Last Updated on November 9, 2021
The Play about The Film – The Shark is Broken
*stop press – run now extended – The Shark is Broken is now booking through to 13 February 2022 – stop press*
Based on Peter Benchley’s 1974 novel, Jaws is one of those films that is embedded in our collective consciousness. Trips to the seaside have never been the same since the 1975 Steven Spielberg Hitchcockian masterpiece and hearing those two low double bass notes from John Williams’ iconic score is enough to send anyone into paroxysms of terror. Now, in a meta twist, writers Ian Shaw and Joseph Nixon bring us The Shark is Broken – a brilliantly hilarious laugh-out-loud 70-minute play about the making of the film.
The film’s story is built around police chief Martin Brody’s (Roy Scheider) attempts to hunt down a man-eating great white shark that is terrorising a beachside resort. He is helped in his mission by a marine biologist (Richard Dreyfuss) and a professional shark hunter (Robert Shaw). Co-writer and instigator of the project Ian Shaw (not the jazz singer) is actor Robert Shaw’s son who was inspired to write the piece by finding one of his alcoholic father Robert’s drinking diaries. So this poignant yet very funny piece is as much Shaw fils’ own ‘voyage around his father’ as anything else.
The Shark is Broken is set in 1974 off Martha’s Vineyard in Massachusetts in a hiatus in the filming of Jaws. The film was the first big-budget movie to be filmed on the ocean and there were many logistical problems on the shoot, one of which was that mechanical sharks tended to break down. The three stars, Robert Shaw, Roy Scheider and Richard Dreyfuss are confined on a boat with stormy weather coming in, a copious supply of alcohol and three large egos on board…
I was at the press night and the audience was eased into the 70s zeitgeist by a soundtrack playing tracks contemporaneous to the movie, with Abba’s Waterloo and Al Green’s Take me to the River setting an aquatic tone. The set by Duncan Henderson is dominated by a realistic cutaway of the fishing boat The Orca which is where the action takes place. The boat is surrounded by Nina Dunn’s highly effective video of the sea which creates the most realistic staged seascape that I have ever seen.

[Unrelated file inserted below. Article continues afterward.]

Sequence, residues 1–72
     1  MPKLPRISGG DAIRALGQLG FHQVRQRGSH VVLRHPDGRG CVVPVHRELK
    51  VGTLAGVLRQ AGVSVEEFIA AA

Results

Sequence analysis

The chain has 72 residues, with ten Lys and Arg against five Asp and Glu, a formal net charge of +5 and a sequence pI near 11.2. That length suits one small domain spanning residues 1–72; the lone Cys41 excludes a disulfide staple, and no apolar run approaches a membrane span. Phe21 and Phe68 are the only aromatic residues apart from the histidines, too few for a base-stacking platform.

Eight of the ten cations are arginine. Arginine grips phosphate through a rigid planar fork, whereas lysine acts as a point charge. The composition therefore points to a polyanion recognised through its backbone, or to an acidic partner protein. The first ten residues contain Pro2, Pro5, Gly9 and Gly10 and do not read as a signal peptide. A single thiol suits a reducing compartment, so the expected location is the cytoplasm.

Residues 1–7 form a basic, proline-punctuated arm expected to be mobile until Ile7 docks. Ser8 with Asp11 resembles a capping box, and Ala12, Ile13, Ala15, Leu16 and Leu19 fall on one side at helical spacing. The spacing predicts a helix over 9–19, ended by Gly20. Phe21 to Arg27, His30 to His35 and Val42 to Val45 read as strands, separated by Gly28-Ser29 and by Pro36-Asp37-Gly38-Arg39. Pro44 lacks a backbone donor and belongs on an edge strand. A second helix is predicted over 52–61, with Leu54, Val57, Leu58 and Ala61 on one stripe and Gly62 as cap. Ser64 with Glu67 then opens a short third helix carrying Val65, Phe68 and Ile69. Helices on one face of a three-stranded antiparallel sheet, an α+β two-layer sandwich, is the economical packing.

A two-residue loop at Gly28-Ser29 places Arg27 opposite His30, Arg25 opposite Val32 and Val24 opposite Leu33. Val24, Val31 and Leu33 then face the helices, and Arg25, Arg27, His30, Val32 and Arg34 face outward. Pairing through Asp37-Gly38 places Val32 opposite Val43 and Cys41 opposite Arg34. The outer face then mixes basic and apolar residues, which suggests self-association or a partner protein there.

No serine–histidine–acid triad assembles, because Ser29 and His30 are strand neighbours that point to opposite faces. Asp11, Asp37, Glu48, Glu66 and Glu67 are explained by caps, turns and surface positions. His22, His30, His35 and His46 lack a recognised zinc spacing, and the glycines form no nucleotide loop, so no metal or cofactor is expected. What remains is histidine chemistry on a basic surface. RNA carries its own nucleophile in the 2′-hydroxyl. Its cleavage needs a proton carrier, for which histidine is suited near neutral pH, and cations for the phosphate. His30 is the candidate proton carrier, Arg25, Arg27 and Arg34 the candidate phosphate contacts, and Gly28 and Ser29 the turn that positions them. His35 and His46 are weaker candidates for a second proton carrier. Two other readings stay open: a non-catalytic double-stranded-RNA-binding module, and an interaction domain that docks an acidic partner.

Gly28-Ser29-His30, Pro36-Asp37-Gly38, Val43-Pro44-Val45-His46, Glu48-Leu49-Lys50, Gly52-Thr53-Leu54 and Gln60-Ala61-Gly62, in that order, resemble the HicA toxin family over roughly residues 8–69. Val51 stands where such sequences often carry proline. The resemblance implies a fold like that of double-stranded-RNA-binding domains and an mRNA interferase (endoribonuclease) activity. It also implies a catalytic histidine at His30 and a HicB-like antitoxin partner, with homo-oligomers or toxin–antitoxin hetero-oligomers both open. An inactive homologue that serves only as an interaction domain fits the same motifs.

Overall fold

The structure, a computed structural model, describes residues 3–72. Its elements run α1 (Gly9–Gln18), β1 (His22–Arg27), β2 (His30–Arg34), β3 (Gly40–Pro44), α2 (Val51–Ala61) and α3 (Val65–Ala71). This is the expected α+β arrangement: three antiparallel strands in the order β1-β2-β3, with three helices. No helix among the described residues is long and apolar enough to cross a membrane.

The play centres around the relationship between the three actors who are sitting around listlessly killing time and waiting to shoot their scenes. They bicker, drink, play games, fight, philosophise and try to make sense of what it is to be an actor. Demetri Goritsas plays Roy Scheider (Martin Brody) as the peacemaker, the calm at the centre of the storm as the other two rage at each other. It’s an impressively contained performance, the character is often boring and full of ‘interesting’ facts, but the Scheider character holds the other two together with his stoic rationality and Scott is quietly moving when describing Scheider’s sickly childhood and the abuse he received from his father.
Lian Murray Scott’s’ Richard Dreyfuss who plays marine biologist Matt Hooper is anything but quiet; he is neurotic, passionate, angry, insecure, funny – “Jews should stay away from the water” – and sometimes paranoid. In a bravura performance, Scott veers between a brash arrogance and a desire for the approval of Shaw and Scheider. He is constantly belittled and called “boy” by Shaw but having been physically attacked by his alcoholic colleague for throwing a bottle of booze overboard he makes amends by finding another hidden bottle – “You’re like a truffle pig boy”. In a lovely scene, Shaw convinces the green Dreyfuss that the notoriously difficult playwright Harold Pinter enjoys being offered interpretations of his work by strangers…
But of course, the central performance is Ian Shaw’s take on his own father Robert Shaw who in the film is playing Quint, the grizzled old shark hunter. Shaw has tremendous fun with the role, playing the RADA trained RSC actor with a relish both for the great writing and for the emotional resonance of the part. The character is flawed and knows it – “It’s the grit in the oyster that creates the pearl – I am that grit” – but has the best lines. When Robert Shaw says “My father was a real alcoholic” the play echoes Ian Shaw’s lived experience with his father dying aged 51.
The Shark is Broken is a brilliant portrayal of three characters thrown together in a bubble. It features some of the best writing, acting and jokes in London at the moment. It also provides a profound insight into the world of actors, their insecurities, rivalries and mutual dependence. I haven’t laughed as much for a long time.
‘The Shark is Broken’ will play a strictly limited run at the Ambassadors Theatre from 9 October 2021 – 15 January 2022.
Website: thesharkisbroken.com Box Office: 08448717615
For Hilary Mantel fans the RSC production of The Mirror and the Light, the final part of her Wolf Hall trilogy, is currently playing at the Gielgud Theatre. Check out our review. For West Londoners, the Lyric Theatre in Hammersmith is showing The Beauty Queen of Leenane.